MPP Alumnus Profile: Cameron Mock

mockcAs Director of Fiscal Policy & Analysis for Chicago Public Schools, Cameron Mock is in a position to influence many of the District’s most important decisions. He never loses sight of the fact that his work can affect policies that shape the educational experience of hundreds of thousands of students.

His work requires him to engage with public officials at multiple levels of government. During the Chicago Public Schools’ contract negotiations with the Chicago Teachers Union, Mock was a member of the CPS bargaining team. His analyses were important for their assessment of contract proposals. Similarly, he has testified before the state’s General Assembly committees and the Chicago Board of Education about the impact of various spending and policy proposals.

Mock says that as a Masters of Public Policy student education finance “wasn’t really on [his] radar.” He was most interested in tax policy. But when he did work with education budgets, he realized how closely related education and taxes were, as well as how important education is to economic health.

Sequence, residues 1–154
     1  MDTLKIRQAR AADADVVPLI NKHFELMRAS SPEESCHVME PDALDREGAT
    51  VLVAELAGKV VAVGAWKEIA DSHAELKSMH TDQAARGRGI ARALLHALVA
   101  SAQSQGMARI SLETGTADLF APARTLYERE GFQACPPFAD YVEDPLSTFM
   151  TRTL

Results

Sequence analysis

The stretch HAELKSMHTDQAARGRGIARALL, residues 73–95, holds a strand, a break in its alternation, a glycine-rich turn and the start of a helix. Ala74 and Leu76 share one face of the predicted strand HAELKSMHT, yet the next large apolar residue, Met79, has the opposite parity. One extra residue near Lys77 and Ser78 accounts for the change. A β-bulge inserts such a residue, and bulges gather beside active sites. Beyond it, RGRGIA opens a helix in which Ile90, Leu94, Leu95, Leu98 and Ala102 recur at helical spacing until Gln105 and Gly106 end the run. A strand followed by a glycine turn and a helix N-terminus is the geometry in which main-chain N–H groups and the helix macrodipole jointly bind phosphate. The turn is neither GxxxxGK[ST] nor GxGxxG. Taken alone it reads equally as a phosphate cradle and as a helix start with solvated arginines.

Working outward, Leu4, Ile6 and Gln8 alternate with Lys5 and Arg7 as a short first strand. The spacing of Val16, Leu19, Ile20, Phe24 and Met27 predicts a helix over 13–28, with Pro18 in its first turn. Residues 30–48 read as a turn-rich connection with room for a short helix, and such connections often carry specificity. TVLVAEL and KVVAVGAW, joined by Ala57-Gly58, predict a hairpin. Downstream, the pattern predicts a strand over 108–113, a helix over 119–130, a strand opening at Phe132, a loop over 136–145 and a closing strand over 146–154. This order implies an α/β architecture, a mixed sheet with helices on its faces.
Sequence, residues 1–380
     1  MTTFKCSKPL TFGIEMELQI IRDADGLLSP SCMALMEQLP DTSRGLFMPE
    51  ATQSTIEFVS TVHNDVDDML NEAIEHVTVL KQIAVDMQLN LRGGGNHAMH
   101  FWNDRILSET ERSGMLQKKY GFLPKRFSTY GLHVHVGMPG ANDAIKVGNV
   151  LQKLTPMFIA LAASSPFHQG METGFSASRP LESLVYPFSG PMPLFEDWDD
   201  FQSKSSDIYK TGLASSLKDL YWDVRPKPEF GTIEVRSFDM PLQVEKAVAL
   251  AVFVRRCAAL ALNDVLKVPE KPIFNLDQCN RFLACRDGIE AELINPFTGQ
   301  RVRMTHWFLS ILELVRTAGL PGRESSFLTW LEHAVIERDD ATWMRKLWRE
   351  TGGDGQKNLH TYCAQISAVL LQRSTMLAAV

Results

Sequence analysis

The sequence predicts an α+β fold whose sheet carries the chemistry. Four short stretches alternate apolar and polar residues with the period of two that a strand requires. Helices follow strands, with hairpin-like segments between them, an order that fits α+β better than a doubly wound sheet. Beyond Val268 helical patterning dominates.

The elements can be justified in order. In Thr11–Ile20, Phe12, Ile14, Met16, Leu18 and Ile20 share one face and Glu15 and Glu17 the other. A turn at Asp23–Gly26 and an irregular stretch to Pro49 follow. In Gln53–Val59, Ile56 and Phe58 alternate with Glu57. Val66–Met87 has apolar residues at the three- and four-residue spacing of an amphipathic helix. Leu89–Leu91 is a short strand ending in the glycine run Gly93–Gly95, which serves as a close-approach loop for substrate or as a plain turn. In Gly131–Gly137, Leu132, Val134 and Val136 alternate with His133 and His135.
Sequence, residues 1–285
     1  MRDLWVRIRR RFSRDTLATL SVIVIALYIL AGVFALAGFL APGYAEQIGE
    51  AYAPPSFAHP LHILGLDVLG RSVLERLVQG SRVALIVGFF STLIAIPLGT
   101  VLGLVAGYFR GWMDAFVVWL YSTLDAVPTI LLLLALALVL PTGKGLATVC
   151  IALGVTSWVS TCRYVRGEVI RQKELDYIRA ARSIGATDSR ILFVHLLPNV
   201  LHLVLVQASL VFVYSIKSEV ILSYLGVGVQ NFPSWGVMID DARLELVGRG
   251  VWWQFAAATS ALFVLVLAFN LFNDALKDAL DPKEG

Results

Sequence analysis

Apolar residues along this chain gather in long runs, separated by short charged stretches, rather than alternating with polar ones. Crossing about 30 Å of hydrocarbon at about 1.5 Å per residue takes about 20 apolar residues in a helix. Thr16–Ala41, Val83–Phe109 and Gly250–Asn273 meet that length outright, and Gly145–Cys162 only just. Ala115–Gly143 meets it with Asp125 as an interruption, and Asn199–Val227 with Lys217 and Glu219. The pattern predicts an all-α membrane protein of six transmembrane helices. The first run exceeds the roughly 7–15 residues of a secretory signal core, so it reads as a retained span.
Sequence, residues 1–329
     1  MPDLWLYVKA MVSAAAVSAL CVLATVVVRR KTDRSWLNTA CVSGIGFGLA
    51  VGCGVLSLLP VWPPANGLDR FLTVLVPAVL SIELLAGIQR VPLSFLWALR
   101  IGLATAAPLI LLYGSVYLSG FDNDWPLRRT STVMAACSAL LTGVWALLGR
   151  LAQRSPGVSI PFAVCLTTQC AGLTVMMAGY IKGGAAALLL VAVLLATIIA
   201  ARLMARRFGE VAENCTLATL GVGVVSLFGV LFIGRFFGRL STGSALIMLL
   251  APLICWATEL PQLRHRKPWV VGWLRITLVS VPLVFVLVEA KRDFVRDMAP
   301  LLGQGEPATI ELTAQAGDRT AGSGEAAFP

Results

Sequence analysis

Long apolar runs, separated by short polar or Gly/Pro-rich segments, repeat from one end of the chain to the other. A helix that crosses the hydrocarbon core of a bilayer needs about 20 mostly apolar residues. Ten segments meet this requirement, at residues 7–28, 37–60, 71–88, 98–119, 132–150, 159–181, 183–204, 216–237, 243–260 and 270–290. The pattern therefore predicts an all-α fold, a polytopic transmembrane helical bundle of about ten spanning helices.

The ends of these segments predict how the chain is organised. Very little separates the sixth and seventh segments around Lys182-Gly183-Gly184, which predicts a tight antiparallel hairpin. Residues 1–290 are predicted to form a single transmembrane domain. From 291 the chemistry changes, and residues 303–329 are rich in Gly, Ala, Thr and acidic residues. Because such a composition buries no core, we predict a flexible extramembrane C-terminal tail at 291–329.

Mock recalls, “Furthermore, I knew I wanted to do something where I could make the greatest difference on the most lives. It finally occurred to me that nearly everyone is invested in educational outcomes— whether someone has a child, pays taxes, or simply wants to live in a country or region with robust economic growth, it all generally comes back to how we invest resources in our education system.”

Prior to entering the MPP program, Mock completed an undergraduate degree in Political Science at Michigan State University. During this time, he interned with a state representative and later worked on the same individual’s successful campaign for the Michigan Senate.

It was during the Masters of Public Policy program that Mock developed a real passion for finance. This translated into a job as a Fiscal Analyst at the Senate Fiscal Agency, and it was there that he became involved in education finance. He credits the expertise and concern for the public good among the staff at the Fiscal Agency with giving him a strong foundation for his future career.

After moving to Chicago, Mock became Budget Manager at Illinois Governor’s Office of Management & Budget.